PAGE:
Twitter Demographics

The data shown below were collected from the profiles of 31 tweeters who shared this research output. Click here to find out more about how the information was compiled.

Mendeley readers

The data shown below were compiled from readership statistics for 165 Mendeley readers of this research output. Click here to see the associated Mendeley record.

Geographical breakdown

Country Count As %
Unknown 165 100%

Demographic breakdown

Readers by professional status Count As %
Researcher 24 15%
Student > Master 22 13%
Student > Ph. D. Student 20 12%
Student > Bachelor 13 8%
Student > Doctoral Student 12 7%
Other 29 18%
Unknown 45 27%
Readers by discipline Count As %
Social Sciences 27 16%
Business, Management and Accounting 19 12%
Medicine and Dentistry 18 11%
Nursing and Health Professions 15 9%
Engineering 6 4%
Other 29 18%
Unknown 51 31%

Attention Score in Context

This research output has an Altmetric Attention Score of 22. This is our high-level measure of the quality and quantity of online attention that it has received. This Attention Score, as well as the ranking and number of research outputs shown below, was calculated when the research output was last mentioned on 08 March 2018.
All research outputs
#1,268,227
of 20,317,776 outputs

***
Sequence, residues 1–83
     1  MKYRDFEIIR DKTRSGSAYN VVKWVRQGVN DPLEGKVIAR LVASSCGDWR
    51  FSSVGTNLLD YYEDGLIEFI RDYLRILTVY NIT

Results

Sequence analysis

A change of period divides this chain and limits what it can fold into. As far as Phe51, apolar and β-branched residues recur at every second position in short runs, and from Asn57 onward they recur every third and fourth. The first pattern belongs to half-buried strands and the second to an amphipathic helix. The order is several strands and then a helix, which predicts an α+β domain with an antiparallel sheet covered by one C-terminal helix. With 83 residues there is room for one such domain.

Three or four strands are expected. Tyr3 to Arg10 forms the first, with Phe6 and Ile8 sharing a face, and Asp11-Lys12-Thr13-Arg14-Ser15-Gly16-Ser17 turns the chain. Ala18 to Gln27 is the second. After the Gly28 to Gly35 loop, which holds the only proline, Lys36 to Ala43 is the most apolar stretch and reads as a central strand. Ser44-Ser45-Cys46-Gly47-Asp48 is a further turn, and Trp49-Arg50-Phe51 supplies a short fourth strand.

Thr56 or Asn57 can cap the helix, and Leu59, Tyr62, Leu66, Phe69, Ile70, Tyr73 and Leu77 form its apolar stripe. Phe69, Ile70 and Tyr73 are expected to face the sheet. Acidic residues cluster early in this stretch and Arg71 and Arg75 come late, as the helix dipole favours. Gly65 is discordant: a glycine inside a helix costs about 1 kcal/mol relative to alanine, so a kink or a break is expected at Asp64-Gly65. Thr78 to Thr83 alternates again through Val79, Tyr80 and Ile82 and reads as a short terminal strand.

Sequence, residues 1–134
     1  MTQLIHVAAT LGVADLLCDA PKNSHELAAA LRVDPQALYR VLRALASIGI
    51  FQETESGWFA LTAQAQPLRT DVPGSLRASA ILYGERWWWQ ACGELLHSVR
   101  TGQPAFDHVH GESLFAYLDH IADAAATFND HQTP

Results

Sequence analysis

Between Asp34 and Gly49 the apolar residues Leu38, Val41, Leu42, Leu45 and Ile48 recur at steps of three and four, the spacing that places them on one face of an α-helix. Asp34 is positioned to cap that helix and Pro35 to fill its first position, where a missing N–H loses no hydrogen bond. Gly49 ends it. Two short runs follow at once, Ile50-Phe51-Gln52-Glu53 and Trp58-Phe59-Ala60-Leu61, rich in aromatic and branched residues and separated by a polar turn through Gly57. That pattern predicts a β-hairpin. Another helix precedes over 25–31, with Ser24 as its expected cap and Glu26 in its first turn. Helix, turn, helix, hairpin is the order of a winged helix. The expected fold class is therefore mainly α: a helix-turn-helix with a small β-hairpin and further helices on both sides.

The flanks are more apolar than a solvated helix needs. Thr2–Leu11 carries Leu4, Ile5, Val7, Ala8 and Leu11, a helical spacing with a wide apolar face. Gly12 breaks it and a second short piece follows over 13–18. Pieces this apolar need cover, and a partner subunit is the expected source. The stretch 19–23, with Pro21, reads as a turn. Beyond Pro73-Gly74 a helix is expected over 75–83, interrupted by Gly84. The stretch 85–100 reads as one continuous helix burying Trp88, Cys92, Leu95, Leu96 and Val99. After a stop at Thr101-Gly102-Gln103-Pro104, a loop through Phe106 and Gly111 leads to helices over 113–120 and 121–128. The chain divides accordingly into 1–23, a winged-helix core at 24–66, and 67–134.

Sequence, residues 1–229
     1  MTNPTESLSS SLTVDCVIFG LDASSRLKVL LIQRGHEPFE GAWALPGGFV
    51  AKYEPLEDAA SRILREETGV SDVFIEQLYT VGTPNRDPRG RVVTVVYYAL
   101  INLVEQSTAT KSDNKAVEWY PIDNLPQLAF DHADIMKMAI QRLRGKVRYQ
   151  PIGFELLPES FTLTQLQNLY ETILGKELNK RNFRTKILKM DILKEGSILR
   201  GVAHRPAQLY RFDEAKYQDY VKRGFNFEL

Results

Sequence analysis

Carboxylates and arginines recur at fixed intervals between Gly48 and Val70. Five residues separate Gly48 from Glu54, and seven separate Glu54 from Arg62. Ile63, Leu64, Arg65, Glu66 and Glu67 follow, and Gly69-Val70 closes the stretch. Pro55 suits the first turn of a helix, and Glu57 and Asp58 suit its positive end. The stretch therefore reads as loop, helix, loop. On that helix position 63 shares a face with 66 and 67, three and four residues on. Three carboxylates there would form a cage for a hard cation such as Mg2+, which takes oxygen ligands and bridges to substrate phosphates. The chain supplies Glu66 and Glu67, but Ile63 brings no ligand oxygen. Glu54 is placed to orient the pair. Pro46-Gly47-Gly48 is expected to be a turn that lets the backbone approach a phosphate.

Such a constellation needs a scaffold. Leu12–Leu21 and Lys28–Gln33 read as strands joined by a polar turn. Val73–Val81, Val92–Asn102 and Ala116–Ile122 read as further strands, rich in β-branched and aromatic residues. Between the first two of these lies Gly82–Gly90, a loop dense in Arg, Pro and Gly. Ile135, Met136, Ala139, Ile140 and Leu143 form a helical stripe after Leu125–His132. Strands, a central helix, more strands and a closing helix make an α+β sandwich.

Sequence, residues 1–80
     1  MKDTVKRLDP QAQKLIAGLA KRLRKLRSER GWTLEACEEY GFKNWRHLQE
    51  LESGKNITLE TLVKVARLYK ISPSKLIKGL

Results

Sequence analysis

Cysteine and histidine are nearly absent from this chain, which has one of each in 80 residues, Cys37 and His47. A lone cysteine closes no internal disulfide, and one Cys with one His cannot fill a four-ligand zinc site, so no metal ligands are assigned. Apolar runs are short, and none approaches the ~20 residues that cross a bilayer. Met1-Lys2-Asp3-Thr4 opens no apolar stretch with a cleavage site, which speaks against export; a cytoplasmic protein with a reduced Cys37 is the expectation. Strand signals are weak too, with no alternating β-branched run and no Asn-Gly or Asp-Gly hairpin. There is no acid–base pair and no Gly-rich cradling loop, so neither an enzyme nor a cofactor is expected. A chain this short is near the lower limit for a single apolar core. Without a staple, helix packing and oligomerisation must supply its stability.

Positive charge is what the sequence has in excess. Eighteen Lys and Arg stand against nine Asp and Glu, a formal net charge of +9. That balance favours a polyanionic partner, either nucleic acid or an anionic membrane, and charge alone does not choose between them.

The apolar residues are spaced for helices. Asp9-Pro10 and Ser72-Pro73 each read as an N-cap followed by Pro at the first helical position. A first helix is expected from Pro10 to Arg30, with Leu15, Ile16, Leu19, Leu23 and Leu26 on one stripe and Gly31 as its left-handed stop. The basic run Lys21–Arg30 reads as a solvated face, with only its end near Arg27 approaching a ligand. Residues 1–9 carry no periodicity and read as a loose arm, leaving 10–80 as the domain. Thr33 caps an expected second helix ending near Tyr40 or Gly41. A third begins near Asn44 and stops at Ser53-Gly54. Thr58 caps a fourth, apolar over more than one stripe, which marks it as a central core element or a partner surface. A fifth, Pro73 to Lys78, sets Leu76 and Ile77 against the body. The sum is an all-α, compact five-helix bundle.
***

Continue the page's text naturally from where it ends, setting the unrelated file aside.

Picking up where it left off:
Outputs from Health Research Policy and Systems
#160
of 1,090 outputs
Outputs of similar age
#28,508
of 287,044 outputs
Outputs of similar age from Health Research Policy and Systems
#3
of 11 outputs
Altmetric has tracked 20,317,776 research outputs across all sources so far. Compared to these this one has done particularly well and is in the 93rd percentile: it's in the top 10% of all research outputs ever tracked by Altmetric.
So far Altmetric has tracked 1,090 research outputs from this source. They typically receive a lot more attention than average, with a mean Attention Score of 13.6. This one has done well, scoring higher than 85% of its peers.
Older research outputs will score higher simply because they've had more time to accumulate mentions. To account for age we can compare this Altmetric Attention Score to the 287,044 tracked outputs that were published within six weeks on either side of this one in any source. This one has done particularly well, scoring higher than 90% of its contemporaries.
We're also able to compare this research output to 11 others from the same source and published within six weeks on either side of this one. This one has done well, scoring higher than 81% of its contemporaries.